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STAGE WATCH

A Short List of Long-Running Shows

September 26, 1993|DON SHIRLEY

"Tamara," "The Phantom of the Opera," "Forever Plaid"--L.A.'s long-running shows have been dropping right and left in recent months. The latest of this pack, "Forever Plaid," closed last Sunday after grossing $5,284,753 in its 82-week run at the Canon (and that was on top of an earlier six-week run at Pasadena Playhouse).

Are there any long-distance runners left in the field?

There are, but you may not have heard of them, despite their longevity. None of L.A.'s current three longest-running shows has much advertising budget, and all are in small, often overlooked theaters that operate on Actors' Equity's 99-Seat Theater Plan.

In first place now, dating from Oct. 17, 1989, is "Zombie Attack," at the Cast Theatre in Hollywood. There have been 332 performances of the Justin Tanner/Andy Daley late-night spoof of yuppies and horror films. Some "Zombie" fans have seen it 10 times. It may not sound like much by "Phantom" fanatic standards--after all, these particular zombies don't sing "The Music of the Night"--but it does indicate the show has acquired a certain cult status.

"It's a creature unto itself," said Daley. Not surprisingly, it's an especially hot item during Halloween season. Although the regular schedule has been reduced to one "Zombie" a week, there will be 10:30 p.m. and midnight performances on Oct. 30 and a 9:30 show on Oct. 31. Two of the actors who play Zombies were married on an earlier Halloween and then showed up on their first anniversary to play their roles in wedding attire.

The second longest-running show is "Crazy Words, Crazy Tunes," a revue of novelty tunes from earlier decades of American pop music. It opened on Aug. 9, 1992 at Center Stage in Woodland Hills and moved to the West End Playhouse in Van Nuys last May.

There have been 152 performances. One of the original cast members, Lloyd Pedersen, was scheduled to return to the show this weekend. An offshoot of the company did a brief run of the show in the country music town of Branson, Mo., earlier this year.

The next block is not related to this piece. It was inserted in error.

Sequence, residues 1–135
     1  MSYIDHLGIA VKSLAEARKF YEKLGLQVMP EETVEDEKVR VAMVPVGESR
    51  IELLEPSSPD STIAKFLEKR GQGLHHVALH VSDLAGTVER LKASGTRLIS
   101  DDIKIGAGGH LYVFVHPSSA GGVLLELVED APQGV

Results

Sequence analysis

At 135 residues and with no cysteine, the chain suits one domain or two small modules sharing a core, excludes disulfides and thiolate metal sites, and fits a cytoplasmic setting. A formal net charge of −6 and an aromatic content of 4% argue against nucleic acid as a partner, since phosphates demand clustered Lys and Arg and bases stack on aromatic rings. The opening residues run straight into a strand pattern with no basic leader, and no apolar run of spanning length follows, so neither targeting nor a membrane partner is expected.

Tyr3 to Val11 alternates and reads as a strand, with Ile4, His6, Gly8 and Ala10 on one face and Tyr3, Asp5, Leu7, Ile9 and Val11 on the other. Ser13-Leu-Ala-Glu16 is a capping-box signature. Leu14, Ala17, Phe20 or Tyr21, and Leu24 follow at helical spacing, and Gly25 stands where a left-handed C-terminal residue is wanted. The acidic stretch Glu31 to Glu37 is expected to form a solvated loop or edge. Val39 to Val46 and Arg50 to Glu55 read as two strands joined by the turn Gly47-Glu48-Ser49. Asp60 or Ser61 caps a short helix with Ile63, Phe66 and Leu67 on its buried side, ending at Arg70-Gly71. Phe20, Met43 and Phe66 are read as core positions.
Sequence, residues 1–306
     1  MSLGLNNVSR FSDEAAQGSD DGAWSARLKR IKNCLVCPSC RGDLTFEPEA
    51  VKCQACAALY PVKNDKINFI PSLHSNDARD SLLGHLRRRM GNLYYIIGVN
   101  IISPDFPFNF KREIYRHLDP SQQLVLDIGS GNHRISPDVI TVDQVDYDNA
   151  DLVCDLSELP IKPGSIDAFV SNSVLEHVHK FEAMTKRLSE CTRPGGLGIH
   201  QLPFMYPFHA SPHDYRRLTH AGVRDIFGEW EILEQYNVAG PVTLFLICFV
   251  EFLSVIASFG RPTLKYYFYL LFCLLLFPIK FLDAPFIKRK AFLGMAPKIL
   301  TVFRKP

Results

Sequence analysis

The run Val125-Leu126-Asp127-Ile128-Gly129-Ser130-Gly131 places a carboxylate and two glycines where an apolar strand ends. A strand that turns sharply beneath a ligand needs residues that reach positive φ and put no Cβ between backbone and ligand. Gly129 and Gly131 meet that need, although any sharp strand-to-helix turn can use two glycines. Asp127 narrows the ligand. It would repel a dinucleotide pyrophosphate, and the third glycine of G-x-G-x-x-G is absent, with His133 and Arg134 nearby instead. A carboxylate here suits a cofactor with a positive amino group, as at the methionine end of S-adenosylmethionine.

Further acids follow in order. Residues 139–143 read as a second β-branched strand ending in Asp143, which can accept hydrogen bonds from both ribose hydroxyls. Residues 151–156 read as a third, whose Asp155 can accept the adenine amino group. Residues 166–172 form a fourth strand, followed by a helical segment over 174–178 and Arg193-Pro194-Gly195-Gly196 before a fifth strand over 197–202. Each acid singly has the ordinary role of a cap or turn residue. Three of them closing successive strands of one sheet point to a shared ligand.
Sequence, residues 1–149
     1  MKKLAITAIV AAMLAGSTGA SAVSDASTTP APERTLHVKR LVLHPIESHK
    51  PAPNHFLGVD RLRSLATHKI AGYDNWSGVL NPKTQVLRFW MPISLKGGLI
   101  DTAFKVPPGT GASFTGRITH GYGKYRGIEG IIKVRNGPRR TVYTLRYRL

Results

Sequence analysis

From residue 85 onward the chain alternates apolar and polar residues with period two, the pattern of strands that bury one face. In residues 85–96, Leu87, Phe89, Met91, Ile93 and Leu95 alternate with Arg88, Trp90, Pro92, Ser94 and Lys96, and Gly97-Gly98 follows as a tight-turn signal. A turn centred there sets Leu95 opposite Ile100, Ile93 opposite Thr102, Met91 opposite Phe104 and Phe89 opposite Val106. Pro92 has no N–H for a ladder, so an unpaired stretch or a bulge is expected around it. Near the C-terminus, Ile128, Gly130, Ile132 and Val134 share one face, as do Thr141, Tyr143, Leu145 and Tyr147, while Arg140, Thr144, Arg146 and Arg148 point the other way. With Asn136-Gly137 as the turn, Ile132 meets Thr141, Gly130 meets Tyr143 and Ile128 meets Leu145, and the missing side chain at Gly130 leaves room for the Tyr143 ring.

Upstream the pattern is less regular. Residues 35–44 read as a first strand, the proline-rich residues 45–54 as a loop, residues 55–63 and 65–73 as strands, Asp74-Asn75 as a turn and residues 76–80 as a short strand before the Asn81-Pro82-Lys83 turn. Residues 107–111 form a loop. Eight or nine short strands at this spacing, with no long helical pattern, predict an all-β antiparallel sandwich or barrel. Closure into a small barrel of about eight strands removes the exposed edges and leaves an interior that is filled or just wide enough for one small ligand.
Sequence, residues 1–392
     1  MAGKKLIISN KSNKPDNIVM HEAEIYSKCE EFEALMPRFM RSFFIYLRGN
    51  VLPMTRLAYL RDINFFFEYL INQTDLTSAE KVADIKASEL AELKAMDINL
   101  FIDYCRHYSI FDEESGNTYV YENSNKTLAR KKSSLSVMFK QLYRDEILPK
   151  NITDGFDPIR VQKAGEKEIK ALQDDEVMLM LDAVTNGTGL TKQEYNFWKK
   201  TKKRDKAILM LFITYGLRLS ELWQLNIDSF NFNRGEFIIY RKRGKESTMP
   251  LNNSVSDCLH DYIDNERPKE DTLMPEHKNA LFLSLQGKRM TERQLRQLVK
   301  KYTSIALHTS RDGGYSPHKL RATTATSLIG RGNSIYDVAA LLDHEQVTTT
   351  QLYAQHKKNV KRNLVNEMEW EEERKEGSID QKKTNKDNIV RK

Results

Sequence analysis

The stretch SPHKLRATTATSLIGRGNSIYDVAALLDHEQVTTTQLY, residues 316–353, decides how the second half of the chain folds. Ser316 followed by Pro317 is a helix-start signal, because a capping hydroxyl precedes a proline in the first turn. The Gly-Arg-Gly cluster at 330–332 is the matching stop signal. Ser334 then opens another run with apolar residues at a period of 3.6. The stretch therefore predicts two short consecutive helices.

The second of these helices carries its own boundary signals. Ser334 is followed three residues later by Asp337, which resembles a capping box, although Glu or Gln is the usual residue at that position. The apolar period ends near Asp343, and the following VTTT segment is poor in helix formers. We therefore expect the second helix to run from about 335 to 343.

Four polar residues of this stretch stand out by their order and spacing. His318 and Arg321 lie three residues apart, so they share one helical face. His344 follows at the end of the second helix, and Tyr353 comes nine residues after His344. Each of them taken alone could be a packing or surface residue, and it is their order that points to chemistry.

Finally, don't forget "Grandma Sylvia's Funeral," which celebrates its first birthday next Sunday at the Hudson Backstage Theater in Hollywood. This one, an interactive look at a Jewish funeral in the tradition of "Tony and Tina's Wedding," does only one regular performance a week--on Sunday afternoon, so the total of performances isn't very high yet--48.

But nearly 5,000 people have seen it, and nearly 20,000 bagels have been served at Grandma Sylvia's rites. You don't have to be Jewish to appreciate it, contends co-creator Glenn Wein. At one performance, nearly the entire house was bought out for a Korean-American girl's 16th birthday party, so most of the audience members that day were Korean-American teen-agers. "It was like something out of a Mel Brooks movie," said Wein.

If a show on Actors' Equity's 99-Seat Theater Plan is presented more than 80 times, it must be promoted to an Equity letter of agreement, which means higher wages for the actors and greater costs for the producers. This forms a natural cap on the length of many L.A. runs; few 99-Seat producers are willing to make that leap. But producer Martha Mayakis said she hopes to do so with her "Psycho Beach Party" at St. Genesius Theater, a spoof in the "Zombie Attack" genre. Because it performs five times a week, "Psycho" already has passed "Grandma Sylvia's" in number of performances--51. But its 10-week run isn't nearly as long as "Sylvia's" year.

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